• Having legal problems or problems with relationships, employment or finances
  • Building a tolerance to alcohol so that you need an increasing number of drinks to feel alcohol’s effects
  • Experiencing physical withdrawal symptoms — such as nausea, sweating and shaking — if you don’t drink

They also list the following risk factors:

  • Age. People who begin drinking at an early age — by age 16 or earlier — are at a higher risk of alcohol dependence or abuse.
  • Genetics. Your genetic makeup may increase your risk of alcohol dependency.
  • Sex. Men are more likely to become dependent on or abuse alcohol than are women.
  • Family history. The risk of alcoholism is higher for people who had a parent or parents who abused alcohol.
  • Emotional disorders. Being severely depressed or having anxiety places you at a greater risk of abusing alcohol. Adults with attention-deficit/hyperactivity disorder also may be more likely to become dependent on alcohol.

As we work to help prevent substance abuse, we need to keep in mind that alcohol abuse is a very real problem. Not only is it hard for the abuser, but for the loved ones of those addicted to alcohol. Al-anon and Alateen are support groups for families and loved ones who need support throughout the struggle as well.





Drug Court

29 03 2010

I had the opportunity to learn about the drug court program last year in a Substance Abuse class I took. Although I do not know all the details about the court program, I do know that it is successful for many. It is an amazingly loving, supportive way for people to recover from their addictions and live a clean life. I attended a drug court graduation in Provo, Utah where I saw about nine people who had gone from the depths of addiction to clean and sober. These people had to change their entire lives, and they did so in an incredible support system. They had to find new friends, fix family ties, attain employment, and many other things on their journey to independence of drugs. There were several levels of completion that the students passed through on their way. The ceremony of those who had completed the program was very emotional and the families of all the graduates attended, along with many who had helped the graduates along the way. Even alumni of the program attended, and formed a group for support even after drug court. They stressed that it was important to stay active in their sobriety, and wanted to be a support to others. I was so glad for this incredible experience.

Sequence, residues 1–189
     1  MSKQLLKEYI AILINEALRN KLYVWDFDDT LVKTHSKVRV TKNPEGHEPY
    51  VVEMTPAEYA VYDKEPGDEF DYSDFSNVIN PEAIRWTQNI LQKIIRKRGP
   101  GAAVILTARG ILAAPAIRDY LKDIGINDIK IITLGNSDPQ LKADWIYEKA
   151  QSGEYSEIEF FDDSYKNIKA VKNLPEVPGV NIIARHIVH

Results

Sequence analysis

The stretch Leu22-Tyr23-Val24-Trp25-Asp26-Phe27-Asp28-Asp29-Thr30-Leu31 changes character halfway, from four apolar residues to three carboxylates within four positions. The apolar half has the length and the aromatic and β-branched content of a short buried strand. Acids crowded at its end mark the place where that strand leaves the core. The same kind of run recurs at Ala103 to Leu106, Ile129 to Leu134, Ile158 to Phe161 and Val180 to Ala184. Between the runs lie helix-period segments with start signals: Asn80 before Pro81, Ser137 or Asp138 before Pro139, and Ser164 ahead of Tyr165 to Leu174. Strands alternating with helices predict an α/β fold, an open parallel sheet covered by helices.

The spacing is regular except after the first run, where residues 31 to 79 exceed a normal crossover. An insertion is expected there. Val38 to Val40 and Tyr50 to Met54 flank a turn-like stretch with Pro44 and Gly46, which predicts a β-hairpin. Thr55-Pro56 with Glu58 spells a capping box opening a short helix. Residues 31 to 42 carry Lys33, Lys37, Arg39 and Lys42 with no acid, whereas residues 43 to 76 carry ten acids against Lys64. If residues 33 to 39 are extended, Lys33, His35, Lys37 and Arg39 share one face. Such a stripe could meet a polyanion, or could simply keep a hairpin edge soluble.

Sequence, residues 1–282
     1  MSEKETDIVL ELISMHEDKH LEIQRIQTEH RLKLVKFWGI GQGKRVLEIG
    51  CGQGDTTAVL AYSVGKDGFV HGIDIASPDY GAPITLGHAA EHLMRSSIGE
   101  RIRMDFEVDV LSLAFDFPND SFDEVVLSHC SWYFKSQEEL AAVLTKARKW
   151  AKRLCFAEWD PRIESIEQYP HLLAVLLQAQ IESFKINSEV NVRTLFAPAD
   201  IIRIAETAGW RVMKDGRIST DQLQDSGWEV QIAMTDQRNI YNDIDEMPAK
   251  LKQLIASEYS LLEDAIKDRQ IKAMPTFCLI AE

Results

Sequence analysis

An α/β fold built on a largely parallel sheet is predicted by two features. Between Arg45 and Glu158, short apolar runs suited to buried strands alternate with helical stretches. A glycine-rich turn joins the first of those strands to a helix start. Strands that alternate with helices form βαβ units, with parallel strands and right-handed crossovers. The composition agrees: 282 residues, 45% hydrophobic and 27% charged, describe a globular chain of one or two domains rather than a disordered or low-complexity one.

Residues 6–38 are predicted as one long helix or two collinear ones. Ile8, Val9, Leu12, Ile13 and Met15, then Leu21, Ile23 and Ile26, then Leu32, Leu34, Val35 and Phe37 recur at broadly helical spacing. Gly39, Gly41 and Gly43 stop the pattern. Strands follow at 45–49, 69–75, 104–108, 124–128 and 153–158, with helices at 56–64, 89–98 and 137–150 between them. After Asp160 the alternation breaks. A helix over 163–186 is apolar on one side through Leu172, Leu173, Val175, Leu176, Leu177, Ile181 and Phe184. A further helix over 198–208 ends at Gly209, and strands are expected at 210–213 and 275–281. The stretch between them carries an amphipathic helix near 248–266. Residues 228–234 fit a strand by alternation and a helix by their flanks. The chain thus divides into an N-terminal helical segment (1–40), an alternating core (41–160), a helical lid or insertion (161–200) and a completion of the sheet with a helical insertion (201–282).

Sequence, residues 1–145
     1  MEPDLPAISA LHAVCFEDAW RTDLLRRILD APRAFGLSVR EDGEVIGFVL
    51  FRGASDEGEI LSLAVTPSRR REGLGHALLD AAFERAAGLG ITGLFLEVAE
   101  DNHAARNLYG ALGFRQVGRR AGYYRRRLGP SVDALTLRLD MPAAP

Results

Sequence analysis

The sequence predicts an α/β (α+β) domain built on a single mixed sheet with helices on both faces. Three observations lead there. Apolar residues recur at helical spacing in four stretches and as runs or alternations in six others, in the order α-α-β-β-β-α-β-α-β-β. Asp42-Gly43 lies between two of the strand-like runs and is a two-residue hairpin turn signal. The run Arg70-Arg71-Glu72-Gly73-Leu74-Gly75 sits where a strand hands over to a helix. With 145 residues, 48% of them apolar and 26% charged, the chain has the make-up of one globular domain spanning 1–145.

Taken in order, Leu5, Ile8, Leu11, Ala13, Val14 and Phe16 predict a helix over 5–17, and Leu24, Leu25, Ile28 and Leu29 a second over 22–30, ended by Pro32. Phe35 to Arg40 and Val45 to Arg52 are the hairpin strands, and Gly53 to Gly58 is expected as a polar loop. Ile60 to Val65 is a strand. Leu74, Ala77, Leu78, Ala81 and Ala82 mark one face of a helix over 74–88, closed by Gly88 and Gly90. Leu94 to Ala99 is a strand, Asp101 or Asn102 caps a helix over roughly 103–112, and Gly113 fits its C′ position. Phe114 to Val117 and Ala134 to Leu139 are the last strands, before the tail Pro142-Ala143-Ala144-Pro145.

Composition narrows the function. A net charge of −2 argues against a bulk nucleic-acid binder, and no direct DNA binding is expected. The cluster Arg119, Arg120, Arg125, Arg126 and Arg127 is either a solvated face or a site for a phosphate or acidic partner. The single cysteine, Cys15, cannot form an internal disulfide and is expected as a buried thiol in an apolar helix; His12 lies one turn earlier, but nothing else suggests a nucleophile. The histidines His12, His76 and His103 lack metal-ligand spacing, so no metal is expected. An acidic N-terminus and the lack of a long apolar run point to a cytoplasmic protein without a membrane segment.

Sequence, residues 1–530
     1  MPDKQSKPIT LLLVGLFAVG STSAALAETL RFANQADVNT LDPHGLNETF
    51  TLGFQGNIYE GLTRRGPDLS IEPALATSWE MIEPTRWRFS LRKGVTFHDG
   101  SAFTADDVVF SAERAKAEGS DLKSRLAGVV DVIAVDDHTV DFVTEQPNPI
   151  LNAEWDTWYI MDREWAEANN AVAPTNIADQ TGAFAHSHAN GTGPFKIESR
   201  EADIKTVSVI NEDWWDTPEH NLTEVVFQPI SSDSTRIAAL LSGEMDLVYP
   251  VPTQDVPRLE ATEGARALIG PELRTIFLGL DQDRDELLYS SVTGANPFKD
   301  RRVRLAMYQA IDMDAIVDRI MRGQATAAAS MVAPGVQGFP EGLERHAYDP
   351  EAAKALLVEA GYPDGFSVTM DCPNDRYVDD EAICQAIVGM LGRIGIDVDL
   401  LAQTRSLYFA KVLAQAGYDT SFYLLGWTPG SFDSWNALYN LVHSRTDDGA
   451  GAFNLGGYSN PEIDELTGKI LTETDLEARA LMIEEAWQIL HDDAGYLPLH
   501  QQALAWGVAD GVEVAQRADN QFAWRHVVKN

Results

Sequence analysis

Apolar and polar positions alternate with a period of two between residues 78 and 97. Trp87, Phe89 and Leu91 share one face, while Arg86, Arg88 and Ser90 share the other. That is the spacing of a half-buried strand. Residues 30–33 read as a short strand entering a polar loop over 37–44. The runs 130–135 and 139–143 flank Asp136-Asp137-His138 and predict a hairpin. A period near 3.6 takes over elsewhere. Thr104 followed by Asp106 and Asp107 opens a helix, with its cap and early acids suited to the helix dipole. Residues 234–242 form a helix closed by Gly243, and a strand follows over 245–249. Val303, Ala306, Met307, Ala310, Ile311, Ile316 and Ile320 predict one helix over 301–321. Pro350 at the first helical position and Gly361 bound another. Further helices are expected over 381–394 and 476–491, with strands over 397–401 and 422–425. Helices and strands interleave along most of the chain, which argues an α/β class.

The 12 Step Program

25 03 2010

Not only is the Twelve Step approach used in Alcoholics Anonymous, but is also widely used to help addicts of multiple drugs reach “Sobriety, strength, and serenity. The twelve steps are as follows:

  • Step 1 – We admitted we were powerless over our addiction – that our lives had become unmanageable
  • Step 2 – Came to believe that a Power greater than ourselves could restore us to sanity
  • Step 3 – Made a decision to turn our will and our lives over to the care of God as we understood God
  • Step 4 – Made a searching and fearless moral inventory of ourselves
  • Step 5 – Admitted to God, to ourselves and to another human being the exact nature of our wrongs
  • Step 6 – Were entirely ready to have God remove all these defects of character
  • Step 7 – Humbly asked God to remove our shortcomings
  • Step 8 – Made a list of all persons we had harmed, and became willing to make amends to them all
  • Step 9 – Made direct amends to such people wherever possible, except when to do so would injure them or others
  • Step 10 – Continued to take personal inventory and when we were wrong promptly admitted it
  • Step 11 – Sought through prayer and meditation to improve our conscious contact with God as we understood God, praying only for knowledge of God’s will for us and the power to carry that out